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Clinical & Experimental Allergy

Exposure to endotoxin or other bacterial components might protect against the development of atopy

Authors


Dr E.von Mutius Klinikum Innenstadt, Lindwurmstr.4, D-80337 München, Germany.

Abstract

Background

Several recent studies have shown that growing up on a farm confers significant protection against the development of atopy. These findings point particularly towards the importance of exposure to stable dust and farm animals. It has furthermore been reported that endotoxin, an intrinsic part of the outer membrane of gram negative bacteria, is abundant in environments where livestock and poultry is kept.

The aim of this study was therefore to measure the level of environmental endotoxin exposure in homes of farmers' children, children with regular contact to livestock and control children with no contact to farm animals.

Methods

Eighty-four farming and nonfarming families were identified in rural areas in Southern Germany and Switzerland. Samples of settled and airborne dust were collected in stables, and of settled dust indoors from kitchen floors and the children's mattresses. Endotoxin concentrations were determined by a kinetic Limulus assay.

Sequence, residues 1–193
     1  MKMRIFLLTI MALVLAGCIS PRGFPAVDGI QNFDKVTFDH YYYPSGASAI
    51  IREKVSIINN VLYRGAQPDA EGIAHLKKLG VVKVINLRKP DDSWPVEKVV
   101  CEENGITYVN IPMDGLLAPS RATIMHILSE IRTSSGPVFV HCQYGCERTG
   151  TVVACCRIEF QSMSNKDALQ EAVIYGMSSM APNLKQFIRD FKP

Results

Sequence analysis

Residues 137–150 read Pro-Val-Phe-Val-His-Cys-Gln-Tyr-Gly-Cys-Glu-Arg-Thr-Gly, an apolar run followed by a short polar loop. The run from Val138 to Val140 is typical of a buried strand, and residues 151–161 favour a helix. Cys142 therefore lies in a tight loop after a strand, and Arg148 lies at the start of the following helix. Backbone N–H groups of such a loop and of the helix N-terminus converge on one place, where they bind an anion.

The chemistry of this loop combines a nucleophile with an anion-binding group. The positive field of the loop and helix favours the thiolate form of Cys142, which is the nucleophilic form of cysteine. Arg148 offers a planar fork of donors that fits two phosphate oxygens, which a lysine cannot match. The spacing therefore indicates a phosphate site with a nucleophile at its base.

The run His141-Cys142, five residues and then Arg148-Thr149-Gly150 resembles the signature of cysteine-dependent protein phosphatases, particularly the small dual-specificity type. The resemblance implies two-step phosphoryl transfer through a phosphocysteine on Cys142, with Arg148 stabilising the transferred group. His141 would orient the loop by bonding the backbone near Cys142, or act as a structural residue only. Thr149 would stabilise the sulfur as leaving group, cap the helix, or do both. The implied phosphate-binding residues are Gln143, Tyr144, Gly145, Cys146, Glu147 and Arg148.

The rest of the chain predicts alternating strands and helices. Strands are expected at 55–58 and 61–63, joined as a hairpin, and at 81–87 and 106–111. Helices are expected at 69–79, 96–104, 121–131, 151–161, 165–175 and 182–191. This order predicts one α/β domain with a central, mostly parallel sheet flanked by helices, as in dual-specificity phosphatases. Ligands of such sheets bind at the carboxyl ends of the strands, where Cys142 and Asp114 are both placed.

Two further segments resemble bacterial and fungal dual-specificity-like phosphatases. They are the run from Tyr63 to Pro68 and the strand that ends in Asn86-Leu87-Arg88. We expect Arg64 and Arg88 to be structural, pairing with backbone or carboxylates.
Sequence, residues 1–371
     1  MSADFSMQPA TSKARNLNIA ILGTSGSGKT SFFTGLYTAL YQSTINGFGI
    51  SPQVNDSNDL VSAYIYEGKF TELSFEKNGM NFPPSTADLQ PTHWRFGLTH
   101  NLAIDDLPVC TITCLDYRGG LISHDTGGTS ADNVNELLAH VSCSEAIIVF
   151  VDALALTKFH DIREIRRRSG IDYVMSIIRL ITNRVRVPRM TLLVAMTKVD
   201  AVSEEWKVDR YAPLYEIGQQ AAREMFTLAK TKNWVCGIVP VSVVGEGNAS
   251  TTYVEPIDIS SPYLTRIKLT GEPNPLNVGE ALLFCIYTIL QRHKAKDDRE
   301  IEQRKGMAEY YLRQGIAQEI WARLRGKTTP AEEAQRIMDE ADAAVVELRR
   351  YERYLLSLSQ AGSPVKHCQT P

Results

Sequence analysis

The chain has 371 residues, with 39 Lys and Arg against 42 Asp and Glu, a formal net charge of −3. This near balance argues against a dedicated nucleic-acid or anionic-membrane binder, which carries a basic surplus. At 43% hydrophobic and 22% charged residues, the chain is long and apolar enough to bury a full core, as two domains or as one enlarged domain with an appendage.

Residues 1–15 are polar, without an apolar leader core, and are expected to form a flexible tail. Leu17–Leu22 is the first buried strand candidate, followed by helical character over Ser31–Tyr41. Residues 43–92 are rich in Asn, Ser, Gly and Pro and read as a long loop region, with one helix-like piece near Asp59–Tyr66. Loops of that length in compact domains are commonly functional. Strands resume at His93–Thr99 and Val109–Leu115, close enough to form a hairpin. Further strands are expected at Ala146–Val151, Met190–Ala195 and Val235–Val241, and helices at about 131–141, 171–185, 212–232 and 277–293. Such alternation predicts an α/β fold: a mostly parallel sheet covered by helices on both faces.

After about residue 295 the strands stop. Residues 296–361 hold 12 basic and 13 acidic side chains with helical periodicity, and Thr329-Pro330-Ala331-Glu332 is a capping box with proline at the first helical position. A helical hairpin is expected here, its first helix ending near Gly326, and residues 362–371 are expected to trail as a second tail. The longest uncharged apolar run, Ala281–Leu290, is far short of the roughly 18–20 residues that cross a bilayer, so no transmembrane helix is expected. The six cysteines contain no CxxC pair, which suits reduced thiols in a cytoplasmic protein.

Results

Endotoxin concentrations were highest in stables of farming families, but were also significantly higher indoors in dust from kitchen floors (143 EU/mg vs 39 EU/mg, < 0.001) and children's mattresses (49479 EU/m2 vs 9383 EU/m2, < 0.001) as compared to control children from nonfarming families. In addition, endotoxin levels were also significantly higher in mattresses and dust from kitchen floors in households where children had regular contact to farm animals (38.6 EU/mg and 23340 EU/m2, respectively) as compared to control subjects.

Conclusion

We propose that the level of environmental exposure to endotoxin and other bacterial wall components is an important protective determinant for the development of atopic diseases in childhood.

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